The committee will also develop a roadmap for the roll-out of TIP training initiatives and awareness campaigns and evaluate the impact of the TIP training and its relevance within the South African context.
Representatives from the following departments and organization are committee members: the Department of Justice and Constitutional Development, the South African Police Services, the National Department of Health, the Justice College, the Department of Social Development, the Department of Home Affairs, the National Prosecuting Authority, the National Freedom Network, UNODC and civil society representatives.
The way in which the criminal justice system responds is crucial if we are to combat and prevent trafficking in persons.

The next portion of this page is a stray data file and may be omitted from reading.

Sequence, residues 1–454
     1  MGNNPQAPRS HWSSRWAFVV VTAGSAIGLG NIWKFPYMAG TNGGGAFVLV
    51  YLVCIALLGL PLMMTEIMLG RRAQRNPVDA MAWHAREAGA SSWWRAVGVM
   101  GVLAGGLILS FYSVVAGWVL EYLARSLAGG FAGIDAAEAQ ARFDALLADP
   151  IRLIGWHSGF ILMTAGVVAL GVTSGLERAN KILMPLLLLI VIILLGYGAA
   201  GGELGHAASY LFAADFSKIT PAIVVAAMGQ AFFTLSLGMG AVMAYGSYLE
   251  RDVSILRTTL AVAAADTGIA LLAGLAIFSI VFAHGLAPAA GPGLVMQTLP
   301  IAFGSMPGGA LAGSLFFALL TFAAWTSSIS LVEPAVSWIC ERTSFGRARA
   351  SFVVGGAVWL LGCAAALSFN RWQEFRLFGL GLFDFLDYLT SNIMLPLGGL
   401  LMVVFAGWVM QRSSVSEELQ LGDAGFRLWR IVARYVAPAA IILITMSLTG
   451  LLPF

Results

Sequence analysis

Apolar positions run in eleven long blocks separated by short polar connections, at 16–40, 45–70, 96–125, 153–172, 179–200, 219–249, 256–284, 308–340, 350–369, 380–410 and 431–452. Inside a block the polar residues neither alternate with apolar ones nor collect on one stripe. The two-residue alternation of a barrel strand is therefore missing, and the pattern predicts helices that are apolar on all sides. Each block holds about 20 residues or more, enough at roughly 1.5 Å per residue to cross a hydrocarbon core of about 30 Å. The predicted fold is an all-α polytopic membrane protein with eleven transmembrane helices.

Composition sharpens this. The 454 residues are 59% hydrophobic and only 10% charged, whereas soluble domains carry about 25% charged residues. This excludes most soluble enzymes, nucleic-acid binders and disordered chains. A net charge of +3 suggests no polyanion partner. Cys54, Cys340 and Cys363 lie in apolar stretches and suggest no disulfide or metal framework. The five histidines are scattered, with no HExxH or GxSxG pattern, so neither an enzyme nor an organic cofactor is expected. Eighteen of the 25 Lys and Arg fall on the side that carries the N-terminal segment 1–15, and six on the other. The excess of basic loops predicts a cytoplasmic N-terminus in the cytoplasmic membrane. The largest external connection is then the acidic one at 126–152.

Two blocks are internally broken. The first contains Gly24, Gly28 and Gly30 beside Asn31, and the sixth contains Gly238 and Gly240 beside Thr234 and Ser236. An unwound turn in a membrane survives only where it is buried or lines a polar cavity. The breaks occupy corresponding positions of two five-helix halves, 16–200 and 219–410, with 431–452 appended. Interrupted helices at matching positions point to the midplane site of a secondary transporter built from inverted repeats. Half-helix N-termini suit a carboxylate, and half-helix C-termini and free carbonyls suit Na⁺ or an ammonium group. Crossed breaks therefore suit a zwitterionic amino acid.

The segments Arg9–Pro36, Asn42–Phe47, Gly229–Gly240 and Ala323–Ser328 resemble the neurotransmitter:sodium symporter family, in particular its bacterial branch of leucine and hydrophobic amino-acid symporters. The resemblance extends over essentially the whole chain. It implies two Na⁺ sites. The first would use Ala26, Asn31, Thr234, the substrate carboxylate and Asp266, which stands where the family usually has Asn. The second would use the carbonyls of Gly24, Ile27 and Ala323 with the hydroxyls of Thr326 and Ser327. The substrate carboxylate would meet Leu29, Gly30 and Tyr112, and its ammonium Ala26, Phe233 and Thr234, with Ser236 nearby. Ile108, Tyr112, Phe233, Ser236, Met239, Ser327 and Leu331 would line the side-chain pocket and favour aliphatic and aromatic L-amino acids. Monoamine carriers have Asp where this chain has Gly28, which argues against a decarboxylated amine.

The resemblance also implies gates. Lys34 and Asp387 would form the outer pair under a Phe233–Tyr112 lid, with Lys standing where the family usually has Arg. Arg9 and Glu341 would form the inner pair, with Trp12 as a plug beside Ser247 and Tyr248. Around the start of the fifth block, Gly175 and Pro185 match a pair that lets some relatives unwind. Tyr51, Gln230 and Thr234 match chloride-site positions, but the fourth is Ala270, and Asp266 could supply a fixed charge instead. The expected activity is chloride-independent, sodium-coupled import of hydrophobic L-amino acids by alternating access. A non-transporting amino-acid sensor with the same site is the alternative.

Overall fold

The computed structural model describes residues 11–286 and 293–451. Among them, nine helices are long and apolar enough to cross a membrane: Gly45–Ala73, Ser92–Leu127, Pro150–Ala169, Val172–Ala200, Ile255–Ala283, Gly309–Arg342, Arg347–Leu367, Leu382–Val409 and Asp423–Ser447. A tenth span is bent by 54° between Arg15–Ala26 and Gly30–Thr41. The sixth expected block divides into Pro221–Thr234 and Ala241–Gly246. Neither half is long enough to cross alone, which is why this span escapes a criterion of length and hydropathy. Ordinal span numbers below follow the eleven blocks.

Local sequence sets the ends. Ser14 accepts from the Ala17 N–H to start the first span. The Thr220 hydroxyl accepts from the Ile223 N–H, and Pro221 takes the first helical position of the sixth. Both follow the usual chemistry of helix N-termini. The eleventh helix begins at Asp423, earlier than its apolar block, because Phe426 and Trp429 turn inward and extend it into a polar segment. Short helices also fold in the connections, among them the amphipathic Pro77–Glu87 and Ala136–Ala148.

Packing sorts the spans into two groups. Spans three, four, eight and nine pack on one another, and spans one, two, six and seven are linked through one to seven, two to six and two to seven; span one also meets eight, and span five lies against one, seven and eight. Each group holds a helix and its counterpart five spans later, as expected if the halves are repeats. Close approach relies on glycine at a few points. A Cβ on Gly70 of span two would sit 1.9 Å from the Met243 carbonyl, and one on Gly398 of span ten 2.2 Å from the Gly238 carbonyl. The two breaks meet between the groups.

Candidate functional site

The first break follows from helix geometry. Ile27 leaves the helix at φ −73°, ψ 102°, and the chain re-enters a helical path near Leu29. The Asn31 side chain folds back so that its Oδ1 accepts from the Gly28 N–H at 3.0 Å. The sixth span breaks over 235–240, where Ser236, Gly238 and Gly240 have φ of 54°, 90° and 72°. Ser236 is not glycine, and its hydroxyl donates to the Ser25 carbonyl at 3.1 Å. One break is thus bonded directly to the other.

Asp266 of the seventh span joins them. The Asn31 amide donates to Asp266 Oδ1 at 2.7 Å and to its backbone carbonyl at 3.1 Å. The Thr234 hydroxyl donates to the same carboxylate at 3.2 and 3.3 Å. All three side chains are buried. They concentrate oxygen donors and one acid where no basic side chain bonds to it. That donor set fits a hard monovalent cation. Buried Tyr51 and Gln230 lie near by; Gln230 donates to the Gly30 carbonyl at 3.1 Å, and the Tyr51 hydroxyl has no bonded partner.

For example, in order to identify victims of trafficking, proactive policing is required where brothels, for example, are raided. It is vital to look at common links, perpetrators and patterns where these types of crimes are suspected, and thus training and sensitisation of stakeholders is so important.
Our Act also highlights the importance of training and provides that the Director General of the Department of Justice and Constitutional Development, the National Commissioner of SAPS, the National Director of Public Prosecutions, and the Directors General of Home Affairs, Labour and Social Development “must each develop training courses . . . to ensure that all police officials, prosecutors and other functionaries are able to deal with matters relating to trafficking in persons in an appropriate, efficient and sensitive manner.”
When cases of trafficking in persons do come to light, stakeholders must be empowered and know the relevant Policies, Regulations, National Instructions, Directives or provisions contained in the Prevention and Combatting of Trafficking in Persons Act.